Midsommer Flight's traveling outdoor <i>Hamlet</i>, this weekend at Touhy Park
Midsommer Flight’s traveling outdoor Hamlet, this weekend at Touhy ParkCredit: Zack Whittington

[Recommended]Hamlet Given the structural, linguistic, and psychological complexity of Shakespeare’s plays, it’s curious so many companies stage them each summer in neighborhood parks, where myriad distractions and unamplified performers easily render the proceedings opaque. Midsommer Flight director Beth Wolf’s sledgehammer approach to staging this particularly intricate play outdoors is, in a sense, apt, with front-and-center actors throwing everything into high relief, often declaiming their lines as though their only motivation is to be heard. It makes for an admirably clear production (aided by cutting the play to 100 minutes) that tends to exhibit only two energies: antic and fraught. In the end, the show has little to say beyond “This is most of what happens in Hamlet.” But it’s still a heck of a good story. —Justin Hayford

<i>Hitch*Cocktails</i>, at the Annoyance
Hitch*Cocktails, at the AnnoyanceCredit: Anthony Yoon

[Recommended]Hitch*Cocktails You know how the old Hollywood thrillers would get mangled to death in the cutting room? Scenes transposed, whole plots rendered incoherent, unresolved loose threads everywhere? It was an era of many classics, but please explain to me what happens in The Lady From Shanghai. In this drunken two-act, now in its third year at the Annoyance, the same effect is brought about organically, by design, as eight actors with an onstage wet bar (they have to drink whenever a scene partner says so) get gradually more and more sloshed, lose track of the Hitchcock-style suspense story they’ve been improvising, and make hay with whatever plot points they’ve been thrown, preshow, by a randomly selected audience member. It’s good, wholesome, liver-debilitating fun. And Jason Stockdale makes a sensationally sleazy ringleader. —Max Maller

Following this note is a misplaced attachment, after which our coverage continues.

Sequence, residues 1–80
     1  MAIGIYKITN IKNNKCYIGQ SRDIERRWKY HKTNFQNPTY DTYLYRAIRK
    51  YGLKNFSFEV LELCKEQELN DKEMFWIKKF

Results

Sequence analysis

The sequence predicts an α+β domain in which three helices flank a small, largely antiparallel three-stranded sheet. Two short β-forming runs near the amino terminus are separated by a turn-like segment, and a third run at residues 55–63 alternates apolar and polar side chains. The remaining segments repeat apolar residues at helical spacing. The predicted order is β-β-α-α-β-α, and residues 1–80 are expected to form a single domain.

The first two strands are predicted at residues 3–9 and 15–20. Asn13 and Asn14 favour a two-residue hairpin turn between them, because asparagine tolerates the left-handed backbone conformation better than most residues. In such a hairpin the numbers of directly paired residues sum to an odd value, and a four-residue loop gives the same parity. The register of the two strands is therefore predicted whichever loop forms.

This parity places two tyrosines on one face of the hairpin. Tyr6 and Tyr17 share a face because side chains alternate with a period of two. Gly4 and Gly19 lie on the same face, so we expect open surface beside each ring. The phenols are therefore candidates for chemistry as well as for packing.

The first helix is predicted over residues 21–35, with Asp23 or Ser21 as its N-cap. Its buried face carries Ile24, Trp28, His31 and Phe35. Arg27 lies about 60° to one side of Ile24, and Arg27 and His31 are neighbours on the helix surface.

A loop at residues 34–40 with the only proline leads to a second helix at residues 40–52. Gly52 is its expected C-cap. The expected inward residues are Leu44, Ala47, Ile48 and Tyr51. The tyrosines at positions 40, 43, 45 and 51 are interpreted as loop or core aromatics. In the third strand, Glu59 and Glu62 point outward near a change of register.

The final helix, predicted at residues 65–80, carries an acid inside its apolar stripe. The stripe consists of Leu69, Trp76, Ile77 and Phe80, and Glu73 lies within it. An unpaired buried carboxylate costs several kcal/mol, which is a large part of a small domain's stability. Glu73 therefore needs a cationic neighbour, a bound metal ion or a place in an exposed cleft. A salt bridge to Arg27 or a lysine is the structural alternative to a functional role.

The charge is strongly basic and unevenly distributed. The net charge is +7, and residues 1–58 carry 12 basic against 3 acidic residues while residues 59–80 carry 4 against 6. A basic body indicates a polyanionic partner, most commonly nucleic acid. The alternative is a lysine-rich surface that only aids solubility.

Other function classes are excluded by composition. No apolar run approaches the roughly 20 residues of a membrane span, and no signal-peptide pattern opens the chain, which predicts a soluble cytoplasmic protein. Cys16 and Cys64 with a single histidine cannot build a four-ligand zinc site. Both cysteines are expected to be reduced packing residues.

Open Door Repertory Company's <i>It Don't Just . . . Shake Off</i>
Open Door Repertory Company’s It Don’t Just . . . Shake OffCredit: Josh Prisching

It Don’t Just . . . Shake Off Chicago was hot in the 1920s. That’s one of the takeaways from this sometimes sizzling, sometimes just messy musical biography of Chicago bluesmen Tampa Red and Georgia Tom. Another takeaway is that the line between the sacred and the profane can be razor-thin: one minute Georgia Tom and Tampa Red record a hit song, “It’s Tight Like That,” so raunchy it hardly qualifies as double entendre, the next Tom, writing under his real name, Thomas Dorsey, pens one of seminal gospel tunes, “Precious Lord, Take My Hand.” (Dorsey is often called the father of Chicago gospel.) It’s hard not to wish playwright and director McKinley Johnson had written a clearer story, but there’s nothing wrong with his song choices or his powerful three-person cast. Fania Bourn, in particular, proves herself to be quite the chameleon, able to impersonate famous blue musicians like Ma Rainey and still reach the heavens with her strong gospel voice. —Jack Helbig